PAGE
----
There was more here than profaned the eye or ear or nose or heart. There was more here than mere destruction. The American soul itself was involved, its anthropology.
This quote from Chapter 11 alludes to the role of the buffalo as a national symbol and as a symbol of the American West in particular. Years ago the buffalo had roamed freely in the West, and had more thickly populated the land. The annual tradition of slaughter, instituted by the government in order to thin out the herd, undermined this ancestry and this symbol. Above and beyond the cruelty implicated in both the act and method of killing, Swarthout takes issue with the carelessness with which the government treats these beasts.
For a moment, or moments, it was as it had been in the beginning, before fear, before evil, before death, at the time of the creation, when the earth was new and living things flourished therein, where the earth was fair and all living things dwelt together as kindred. For a moment, or moments, beasts and children were friends, there in the sweetness and silence of the night, there in the calm and lovely fields of the Lord.
This moving quote from the end of Chapter 16 speaks to the similarities between the buffaloes and the Bedwetters. He also uses this communion between man and beast to draw similarities between the two. Swarthout believes in the power of the buffaloes to bring peace and harmony to those who treat them with kindness. Using scent, which animals instinctually employ to determine the absence or presence of danger, the boys become at ease with the animals and experience a certain entirely novel tenderness and peace, which they have never before experienced with other human beings. Swarthout believes in the power of nature in creating this timeless and innocent connection.
A living buffalo mocks us. It has no place or purpose. It is a misbegotten child, a monster with which we cannot live and which we cannot live without. Therefore we slay, and slay again, for while a single buffalo remains, the sin of our fathers, and hence our own, is imperfect. But the slaughter of the buffalo is part of something larger. It is as though the land of Canaan into which we were led was too divine, and until we have done it every violence, until we have despoiled and murdered and dirtied every blessing, until we have erased every reminder of our original rape, until we have washed our hands of the bloods of every other, we shall be unappeased. It is as though we are too proud to be beholden to Him. We cannot bear the goodness of God.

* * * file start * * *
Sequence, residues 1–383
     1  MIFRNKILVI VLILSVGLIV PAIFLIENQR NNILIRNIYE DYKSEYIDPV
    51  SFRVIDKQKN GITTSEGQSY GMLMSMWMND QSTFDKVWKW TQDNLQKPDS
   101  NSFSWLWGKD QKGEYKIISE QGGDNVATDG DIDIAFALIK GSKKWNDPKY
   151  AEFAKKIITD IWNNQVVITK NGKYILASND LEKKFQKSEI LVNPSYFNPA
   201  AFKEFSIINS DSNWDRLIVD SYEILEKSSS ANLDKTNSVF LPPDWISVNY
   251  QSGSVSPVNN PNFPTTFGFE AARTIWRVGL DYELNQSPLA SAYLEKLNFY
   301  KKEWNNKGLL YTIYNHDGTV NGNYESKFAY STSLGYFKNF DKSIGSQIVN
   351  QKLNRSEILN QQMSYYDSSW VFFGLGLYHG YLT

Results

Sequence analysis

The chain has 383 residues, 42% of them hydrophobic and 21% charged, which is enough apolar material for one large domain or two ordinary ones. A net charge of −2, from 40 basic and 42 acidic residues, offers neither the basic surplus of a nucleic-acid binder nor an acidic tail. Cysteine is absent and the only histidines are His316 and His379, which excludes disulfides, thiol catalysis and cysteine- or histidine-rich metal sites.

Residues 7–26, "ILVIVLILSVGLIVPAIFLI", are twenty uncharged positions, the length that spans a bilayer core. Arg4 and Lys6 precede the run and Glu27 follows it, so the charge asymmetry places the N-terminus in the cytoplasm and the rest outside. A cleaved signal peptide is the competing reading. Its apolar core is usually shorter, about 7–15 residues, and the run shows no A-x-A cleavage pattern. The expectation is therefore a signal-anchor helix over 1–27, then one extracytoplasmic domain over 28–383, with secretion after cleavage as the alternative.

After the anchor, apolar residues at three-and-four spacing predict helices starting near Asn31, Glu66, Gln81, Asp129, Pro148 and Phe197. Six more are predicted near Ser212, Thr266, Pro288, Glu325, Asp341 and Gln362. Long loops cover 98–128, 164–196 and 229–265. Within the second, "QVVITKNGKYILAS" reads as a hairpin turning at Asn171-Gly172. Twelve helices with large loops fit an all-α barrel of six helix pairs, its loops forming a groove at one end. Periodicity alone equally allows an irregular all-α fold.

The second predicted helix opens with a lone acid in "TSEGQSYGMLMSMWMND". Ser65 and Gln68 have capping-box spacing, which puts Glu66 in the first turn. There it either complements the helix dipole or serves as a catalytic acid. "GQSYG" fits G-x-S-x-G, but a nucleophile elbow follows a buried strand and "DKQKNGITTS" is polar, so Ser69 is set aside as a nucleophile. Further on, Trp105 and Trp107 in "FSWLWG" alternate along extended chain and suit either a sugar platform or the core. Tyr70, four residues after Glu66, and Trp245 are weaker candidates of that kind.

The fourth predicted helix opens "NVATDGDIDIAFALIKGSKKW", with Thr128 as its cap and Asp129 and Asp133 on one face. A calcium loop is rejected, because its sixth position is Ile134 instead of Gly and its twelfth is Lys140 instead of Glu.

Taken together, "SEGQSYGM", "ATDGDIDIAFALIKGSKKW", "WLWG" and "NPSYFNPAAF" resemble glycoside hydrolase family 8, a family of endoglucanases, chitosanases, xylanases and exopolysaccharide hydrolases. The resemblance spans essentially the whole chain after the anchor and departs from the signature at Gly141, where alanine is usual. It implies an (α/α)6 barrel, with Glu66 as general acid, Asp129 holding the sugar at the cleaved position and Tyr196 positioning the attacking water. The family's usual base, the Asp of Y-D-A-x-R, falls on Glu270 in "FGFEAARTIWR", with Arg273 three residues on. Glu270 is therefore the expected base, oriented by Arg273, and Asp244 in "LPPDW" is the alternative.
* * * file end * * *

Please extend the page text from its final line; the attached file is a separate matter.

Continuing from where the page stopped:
At the end of Chapter 11, Swarthout implicitly comments once again on the similar situations of the buffaloes and the misfit campers. In using the metaphor, "a misbegotten child," hints at this connection. The Bedwetters have been "warehoused" at Box Canyon Boys Camp because, like the buffaloes, they "have no place or purpose." Swarthout once again links the beasts and boys by implying that society has no appreciation for these misfits who, despite their oddities and disorders, possess redeemable qualities. Furthermore, the author comments on man's capacity for cruel behavior and destruction, despite the wealth God has given him.
They had a last glimpse of John Cotton's red hair flaming like a torch as the truck seemed to soar and dive and disappear. And that was all, except for the remote but unmistakable concussion of metal and rock and the recognition of its meaning, which, microseconds later, cracked their hearts even as it freed them, too, forever.
This quote from Chapter 20 provides the Bedwetters with their last living image of Cotton. Despite the sadness of his death, which "cracked their hearts," this image strikes the reader as triumphant and celebratory. Cotton lived, and died, with tremendous vivacity. The mention of his "red hair flaming like a torch" seems to speak to the intensity with which he lived and to the strength of his personality.
Born on this preserve, fear of men had been bred out of them. Inoculated against disease, they were prime. Fed hay when winter snows covered their browse, they followed a feed truck about like sheep. They had never known the arrow or the lance, the lightning or the fire which crazed their ancestors over cliffs and into swollen rivers, nor had they known, until yesterday, the sounds and implication of a gun.
This quote from Chapter 11, in which Swarthout describes in gory detail the buffalo killings, speaks to the sudden shock of the death of these creatures. However, to Swarthout this does not represent the greatest injustice done to them; rather, their lack of freedom and instinct signified their status as completely different creatures from their ancestors.